March 28, 2014

At inauguration, Winthrop president promises to put university 'on the rise'

Winthrop University President Jamie Comstock promised Friday afternoon to put the Rock Hill school "on the rise."

Winthrop University has been “called to rise” and needs to put new energy toward marketing itself, increasing affordability for students and building its philanthropic base, President Jamie Comstock said on Friday during her inaugural address.

Comstock, the college’s tenth president, has been in office for eight months. Her inauguration on Friday was a ceremonial mile-marker in her presidency and follows a campus-wide “visioning process” she’s taken on since her first few weeks on the job.

Universities host inaugurations for new presidents as a forum for their leaders to outline their vision for their school. This week, Winthrop held an array of events to honor Comstock and invite community members onto campus.

Comstock’s speech on Friday contained few new announcements. She has already engaged the campus community over the past several months to publicly discuss several goals such as growing enrollment, beefing up marketing campaigns and finding new ways to connect with alumni to cultivate a culture of donating.

With Winthrop’s bronze presidential “chain of office” around her neck on Friday afternoon, Comstock reinforced her commitment to achieving those goals and said the university needs to “redefine excellence in public higher education.”

Excellence for Winthrop, she said, will mean “integrating access and quality” for students. One way she aims to do this is to increase the amount of need-based scholarships for students, making college more affordable. Comstock has set a goal of meeting 80 percent of students’ financial needs –– an increase from the school’s current 62 percent.

Audience members at Byrnes Auditorium applauded Comstock on Friday when she said her “bottom line” is “a future at Winthrop where students gain access and attain a degree based on their ability to learn, not on their ability to pay.”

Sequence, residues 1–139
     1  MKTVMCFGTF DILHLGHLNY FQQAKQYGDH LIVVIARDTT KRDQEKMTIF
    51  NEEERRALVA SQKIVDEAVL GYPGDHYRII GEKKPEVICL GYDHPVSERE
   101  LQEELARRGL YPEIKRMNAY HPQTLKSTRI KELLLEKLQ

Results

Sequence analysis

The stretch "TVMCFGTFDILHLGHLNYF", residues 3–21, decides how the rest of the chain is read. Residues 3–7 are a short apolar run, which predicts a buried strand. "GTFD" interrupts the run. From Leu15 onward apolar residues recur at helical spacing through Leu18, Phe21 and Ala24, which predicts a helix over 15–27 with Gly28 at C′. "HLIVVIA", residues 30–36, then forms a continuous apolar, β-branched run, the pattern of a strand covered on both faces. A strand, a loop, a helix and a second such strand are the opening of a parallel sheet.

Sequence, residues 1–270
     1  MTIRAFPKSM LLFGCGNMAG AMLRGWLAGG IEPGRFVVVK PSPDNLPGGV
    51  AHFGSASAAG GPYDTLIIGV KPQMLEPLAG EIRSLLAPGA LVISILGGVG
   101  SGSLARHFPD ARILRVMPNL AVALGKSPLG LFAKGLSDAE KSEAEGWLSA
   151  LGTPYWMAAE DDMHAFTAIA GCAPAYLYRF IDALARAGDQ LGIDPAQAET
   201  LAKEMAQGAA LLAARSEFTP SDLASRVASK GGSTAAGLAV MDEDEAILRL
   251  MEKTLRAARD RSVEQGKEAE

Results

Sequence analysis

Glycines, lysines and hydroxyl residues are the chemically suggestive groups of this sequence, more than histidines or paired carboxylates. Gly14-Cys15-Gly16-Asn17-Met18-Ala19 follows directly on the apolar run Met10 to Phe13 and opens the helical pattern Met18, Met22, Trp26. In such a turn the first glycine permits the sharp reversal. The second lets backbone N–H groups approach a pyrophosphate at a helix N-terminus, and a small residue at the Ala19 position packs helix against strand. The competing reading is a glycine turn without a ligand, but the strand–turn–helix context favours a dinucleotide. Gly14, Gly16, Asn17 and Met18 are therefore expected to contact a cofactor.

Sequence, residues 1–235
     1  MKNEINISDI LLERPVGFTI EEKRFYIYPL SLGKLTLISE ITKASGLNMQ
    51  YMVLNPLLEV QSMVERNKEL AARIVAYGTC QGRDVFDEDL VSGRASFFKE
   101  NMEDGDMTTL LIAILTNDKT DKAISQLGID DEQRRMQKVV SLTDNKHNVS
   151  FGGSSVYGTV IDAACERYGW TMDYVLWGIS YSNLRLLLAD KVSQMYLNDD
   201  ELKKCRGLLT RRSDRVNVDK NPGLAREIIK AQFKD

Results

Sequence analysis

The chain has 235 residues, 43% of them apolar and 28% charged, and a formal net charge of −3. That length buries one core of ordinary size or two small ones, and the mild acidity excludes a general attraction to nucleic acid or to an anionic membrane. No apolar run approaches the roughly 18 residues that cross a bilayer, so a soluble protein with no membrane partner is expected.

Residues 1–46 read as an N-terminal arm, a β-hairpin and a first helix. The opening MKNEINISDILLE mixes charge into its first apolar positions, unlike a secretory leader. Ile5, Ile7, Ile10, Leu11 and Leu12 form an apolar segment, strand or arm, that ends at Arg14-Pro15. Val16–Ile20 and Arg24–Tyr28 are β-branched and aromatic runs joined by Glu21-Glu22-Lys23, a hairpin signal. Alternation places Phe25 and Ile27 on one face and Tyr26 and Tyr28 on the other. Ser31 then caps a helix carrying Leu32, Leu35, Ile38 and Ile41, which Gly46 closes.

Comstock also touched on university goals of tripling the number of students who study abroad; improving the school’s retention rate of freshmen entering their sophomore year from 73 percent to 82 percent; and lessening tuition burdens on families by seeking restoration of some state funding and reducing school administrative costs.

Throughout her nearly hour-long speech, Comstock’s message was grounded on the ideas that Winthrop has been “called to rise” and that the university has “the capacity and obligation” to open its doors to more students who achieve academic success.

Marketing strategies will be revamped, she said, to attract at least 1,000 additional students over the next four years. Comstock is part of a national contingent of higher education leaders who are looking to boost the number of adults with college degrees. She is also working toward “closing the higher education attainment gap for South Carolinians.”

Winthrop, she said, is already contributing to “brain gain” in South Carolina. Nearly 90 percent of the university’s students come from S.C. and about 38,000 Winthrop alumni stay in state after graduation. Comstock has included those statistics in her campaign for more taxpayer support from state lawmakers.